If you don't do Network Access Control right, not only will your network still be full of holes, but you'll wind up paying more than the company down the road that did it right and has shrunk unauthorized network access to zilch.
Doing NAC wrong combines insult and injury in one ratty little package, according to a report from Aberdeen Group released on Nov. 8. The report, titled "Who's Got the NAC? Best Practices in Protecting Network Access," found that out of 384 companies surveyed, those deemed NAC "laggards" are paying on average $229,327 for NAC hardware and $187,000 for NAC software. That compares to the outfits that Aberdeen has deemed "best in class," which are paying on average only $102,206 for NAC hardware and $123,881 for NAC software.
And by "laggards," Aberdeen doesn't mean late adopters. Rather, it means lackadaisical adapters—those who have some type of NAC infrastructure but aren't necessarily authenticating users entering the network, enforcing network security policies, defining groups of network users for specific policy enforcement, monitoring user behavior and stopping inappropriate activity after users have been admitted onto the network. Those are the attributes of best-in-class NAC adopters, according to the report.
The difference between being best in class or a NAC slacker is stark. Out of the best companies, which formed 20 percent of Aberdeen's group, 100 percent reported that successful network breaches have decreased or stayed the same over the past two years. Those same best-in-class NAC adopters report zero incidents of unauthorized network attacks and zero incidents of network downtime related to network attacks in the past year.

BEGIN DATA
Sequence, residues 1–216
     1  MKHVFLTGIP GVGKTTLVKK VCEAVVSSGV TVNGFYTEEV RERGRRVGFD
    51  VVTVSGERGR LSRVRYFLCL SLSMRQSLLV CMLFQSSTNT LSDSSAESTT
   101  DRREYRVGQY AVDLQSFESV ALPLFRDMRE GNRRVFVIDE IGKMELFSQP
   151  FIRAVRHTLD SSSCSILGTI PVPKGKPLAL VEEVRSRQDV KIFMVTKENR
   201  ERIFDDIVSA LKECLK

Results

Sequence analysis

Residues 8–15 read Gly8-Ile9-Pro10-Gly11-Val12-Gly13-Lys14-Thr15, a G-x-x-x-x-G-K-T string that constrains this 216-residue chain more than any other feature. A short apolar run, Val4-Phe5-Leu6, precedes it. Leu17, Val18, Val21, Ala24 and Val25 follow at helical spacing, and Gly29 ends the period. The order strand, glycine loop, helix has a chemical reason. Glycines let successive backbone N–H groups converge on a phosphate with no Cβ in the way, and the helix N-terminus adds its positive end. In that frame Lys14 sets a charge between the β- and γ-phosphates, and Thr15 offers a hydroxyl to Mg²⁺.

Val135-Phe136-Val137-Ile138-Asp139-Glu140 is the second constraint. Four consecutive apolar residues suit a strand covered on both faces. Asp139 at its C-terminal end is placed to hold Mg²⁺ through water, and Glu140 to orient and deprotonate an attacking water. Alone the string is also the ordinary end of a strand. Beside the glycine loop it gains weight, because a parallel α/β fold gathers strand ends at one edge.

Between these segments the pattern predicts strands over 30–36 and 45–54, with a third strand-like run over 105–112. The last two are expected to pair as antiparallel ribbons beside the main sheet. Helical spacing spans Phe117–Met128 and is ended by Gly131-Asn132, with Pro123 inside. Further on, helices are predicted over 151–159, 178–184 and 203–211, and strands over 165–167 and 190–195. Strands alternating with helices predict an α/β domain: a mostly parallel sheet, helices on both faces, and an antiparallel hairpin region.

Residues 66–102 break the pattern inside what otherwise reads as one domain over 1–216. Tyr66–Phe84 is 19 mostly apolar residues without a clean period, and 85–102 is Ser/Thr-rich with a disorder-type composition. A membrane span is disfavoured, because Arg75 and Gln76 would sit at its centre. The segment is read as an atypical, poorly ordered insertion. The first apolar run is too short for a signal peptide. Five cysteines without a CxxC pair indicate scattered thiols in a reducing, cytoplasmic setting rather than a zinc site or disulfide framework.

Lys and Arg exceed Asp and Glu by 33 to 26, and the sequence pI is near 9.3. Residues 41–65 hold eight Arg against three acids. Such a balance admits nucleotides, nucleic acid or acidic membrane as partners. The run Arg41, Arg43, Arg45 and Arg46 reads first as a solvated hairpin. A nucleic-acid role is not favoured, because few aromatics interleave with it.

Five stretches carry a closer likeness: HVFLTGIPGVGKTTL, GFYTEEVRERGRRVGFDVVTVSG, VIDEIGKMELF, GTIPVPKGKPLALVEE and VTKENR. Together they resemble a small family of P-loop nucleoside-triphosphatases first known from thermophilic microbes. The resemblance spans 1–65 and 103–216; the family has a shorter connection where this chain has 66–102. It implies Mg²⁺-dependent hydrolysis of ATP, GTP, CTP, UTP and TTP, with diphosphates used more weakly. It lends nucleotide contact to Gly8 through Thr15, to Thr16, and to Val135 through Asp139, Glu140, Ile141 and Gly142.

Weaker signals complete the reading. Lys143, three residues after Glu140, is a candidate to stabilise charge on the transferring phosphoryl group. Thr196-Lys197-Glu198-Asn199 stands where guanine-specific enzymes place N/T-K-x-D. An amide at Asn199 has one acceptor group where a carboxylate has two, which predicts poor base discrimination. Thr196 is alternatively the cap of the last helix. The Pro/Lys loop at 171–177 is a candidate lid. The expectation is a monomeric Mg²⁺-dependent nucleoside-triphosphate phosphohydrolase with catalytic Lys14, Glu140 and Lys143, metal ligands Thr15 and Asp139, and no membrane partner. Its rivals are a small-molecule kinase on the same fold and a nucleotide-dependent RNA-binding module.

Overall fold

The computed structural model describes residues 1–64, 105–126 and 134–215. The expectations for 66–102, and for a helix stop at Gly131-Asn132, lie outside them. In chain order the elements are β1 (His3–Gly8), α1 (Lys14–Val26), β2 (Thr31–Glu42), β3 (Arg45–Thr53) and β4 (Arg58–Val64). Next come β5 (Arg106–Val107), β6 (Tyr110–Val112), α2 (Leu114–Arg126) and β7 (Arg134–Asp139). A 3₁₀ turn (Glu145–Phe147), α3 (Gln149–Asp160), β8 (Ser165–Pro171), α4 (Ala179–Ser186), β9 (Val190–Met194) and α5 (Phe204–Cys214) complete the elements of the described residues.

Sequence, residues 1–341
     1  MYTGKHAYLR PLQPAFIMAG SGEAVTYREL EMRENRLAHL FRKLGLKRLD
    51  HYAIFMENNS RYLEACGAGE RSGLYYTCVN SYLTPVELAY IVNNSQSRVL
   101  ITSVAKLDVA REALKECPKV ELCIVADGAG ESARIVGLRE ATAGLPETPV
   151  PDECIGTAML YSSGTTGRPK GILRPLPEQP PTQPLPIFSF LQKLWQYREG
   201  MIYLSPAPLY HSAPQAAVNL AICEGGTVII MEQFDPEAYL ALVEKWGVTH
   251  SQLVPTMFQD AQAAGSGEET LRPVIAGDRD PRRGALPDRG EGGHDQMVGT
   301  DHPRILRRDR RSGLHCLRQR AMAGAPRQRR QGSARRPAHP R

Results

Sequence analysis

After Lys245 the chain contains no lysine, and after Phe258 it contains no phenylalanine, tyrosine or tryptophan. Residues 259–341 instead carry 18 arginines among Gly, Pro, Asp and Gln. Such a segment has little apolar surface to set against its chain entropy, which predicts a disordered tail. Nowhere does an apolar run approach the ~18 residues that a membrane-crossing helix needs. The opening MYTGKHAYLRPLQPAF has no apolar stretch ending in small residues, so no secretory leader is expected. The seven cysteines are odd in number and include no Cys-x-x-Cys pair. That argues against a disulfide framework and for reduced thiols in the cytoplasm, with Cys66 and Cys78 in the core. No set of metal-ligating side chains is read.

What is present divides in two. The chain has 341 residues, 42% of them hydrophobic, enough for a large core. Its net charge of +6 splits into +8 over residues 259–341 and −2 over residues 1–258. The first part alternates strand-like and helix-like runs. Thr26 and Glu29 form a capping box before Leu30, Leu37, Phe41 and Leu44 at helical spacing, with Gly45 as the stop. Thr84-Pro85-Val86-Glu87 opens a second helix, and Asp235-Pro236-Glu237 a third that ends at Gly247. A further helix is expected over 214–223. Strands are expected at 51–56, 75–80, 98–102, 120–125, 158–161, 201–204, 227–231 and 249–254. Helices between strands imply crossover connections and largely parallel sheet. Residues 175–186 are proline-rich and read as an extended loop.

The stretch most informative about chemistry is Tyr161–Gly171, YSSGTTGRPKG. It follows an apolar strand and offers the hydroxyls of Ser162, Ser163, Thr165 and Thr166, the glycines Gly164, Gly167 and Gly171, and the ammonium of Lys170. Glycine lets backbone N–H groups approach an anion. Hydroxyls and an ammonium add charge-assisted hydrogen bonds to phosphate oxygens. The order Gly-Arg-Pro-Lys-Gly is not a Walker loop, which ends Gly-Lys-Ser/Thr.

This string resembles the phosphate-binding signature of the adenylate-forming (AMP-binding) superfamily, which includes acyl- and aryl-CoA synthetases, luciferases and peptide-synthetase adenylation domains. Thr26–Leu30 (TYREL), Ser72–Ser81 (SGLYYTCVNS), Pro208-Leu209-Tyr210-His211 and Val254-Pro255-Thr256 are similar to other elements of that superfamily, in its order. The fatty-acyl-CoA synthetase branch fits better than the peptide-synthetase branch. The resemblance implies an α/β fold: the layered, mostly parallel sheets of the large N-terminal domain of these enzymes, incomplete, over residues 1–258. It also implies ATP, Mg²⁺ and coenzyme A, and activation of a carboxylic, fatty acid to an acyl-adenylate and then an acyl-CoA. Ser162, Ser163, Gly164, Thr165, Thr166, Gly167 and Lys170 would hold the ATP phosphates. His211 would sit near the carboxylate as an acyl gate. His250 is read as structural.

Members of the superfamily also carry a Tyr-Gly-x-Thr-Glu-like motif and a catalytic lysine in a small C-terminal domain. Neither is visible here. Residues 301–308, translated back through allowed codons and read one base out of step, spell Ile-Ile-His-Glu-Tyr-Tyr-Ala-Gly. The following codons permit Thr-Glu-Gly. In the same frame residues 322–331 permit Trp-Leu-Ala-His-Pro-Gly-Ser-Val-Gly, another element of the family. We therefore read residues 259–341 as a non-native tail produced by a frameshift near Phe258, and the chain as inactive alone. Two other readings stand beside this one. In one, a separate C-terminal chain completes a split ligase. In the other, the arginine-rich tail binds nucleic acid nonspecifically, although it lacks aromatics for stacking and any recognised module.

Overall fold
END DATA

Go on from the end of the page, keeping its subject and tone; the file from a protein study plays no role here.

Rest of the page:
Click here to read about what organizations must know before they deploy NAC systems.
Out of the bottom 30 percent of Aberdeen's group—the laggards—only 29 percent reported that network breaches had gone down or stayed the same in the previous two years. None of them could brag that they had no unauthorized network attacks in the previous year. To break that down further, 30 percent admitted experiencing unauthorized network activity, whereas a whopping 70 percent didn't have a clue whether or not their networks had been violated or don't even measure to find out.
Why does it cost more to stink at NAC? Aberdeen's not quite sure. Carol Baroudi, a research director in IT security at Aberdeen and an author of the report, said that she plans to look into that question further in coming months, but that she suspects that it has to do with buying too much technology and then underdeploying it.
"In one interview a network engineer explained that they had bought a lot of capabilities that they never actually turned on," she told eWEEK. "Could it be that they overbought and underdeployed? … Part of [the complaint from those surveyed] was the early vendor hype, and now that the dust has settled, the desire to really look and see what they have and scale back to what they're actually using."
It could also be confusion as to what, exactly, NAC is. That in fact was the third-biggest challenge cited by laggard companies in the survey, behind cost and the effect on ease of use with regard to desktops, laptops or networks.
Those organizations that are succeeding with NAC say that these things are the most important things to expect out of a NAC product, in order:
- Prevents unauthorized users from accessing the network
- Causes minimal operational impact on users, help desk and network performance
- Supports/enforces policies specific to different user groups
- Logs all network access events for auditing
- Prevents unauthorized devices from accessing the network
- Centrally records all events
- Can be installed without directly impacting network performance
- Is transparent to the user
- Supports enforcement for remote users
- Can quarantine unhealthy machines without cross-infection
- Assesses endpoint security status